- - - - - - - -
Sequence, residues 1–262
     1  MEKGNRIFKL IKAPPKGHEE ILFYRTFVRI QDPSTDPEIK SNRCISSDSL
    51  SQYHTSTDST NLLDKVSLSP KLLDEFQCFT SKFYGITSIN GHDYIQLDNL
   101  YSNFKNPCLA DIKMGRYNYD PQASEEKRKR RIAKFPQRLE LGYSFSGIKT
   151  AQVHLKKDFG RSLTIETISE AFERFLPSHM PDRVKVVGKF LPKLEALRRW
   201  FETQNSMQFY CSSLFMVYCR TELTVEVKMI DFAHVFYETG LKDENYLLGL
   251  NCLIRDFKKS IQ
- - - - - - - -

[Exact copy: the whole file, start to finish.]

Sequence, residues 1–262
     1  MEKGNRIFKL IKAPPKGHEE ILFYRTFVRI QDPSTDPEIK SNRCISSDSL
    51  SQYHTSTDST NLLDKVSLSP KLLDEFQCFT SKFYGITSIN GHDYIQLDNL
   101  YSNFKNPCLA DIKMGRYNYD PQASEEKRKR RIAKFPQRLE LGYSFSGIKT
   151  AQVHLKKDFG RSLTIETISE AFERFLPSHM PDRVKVVGKF LPKLEALRRW
   201  FETQNSMQFY CSSLFMVYCR TELTVEVKMI DFAHVFYETG LKDENYLLGL
   251  NCLIRDFKKS IQ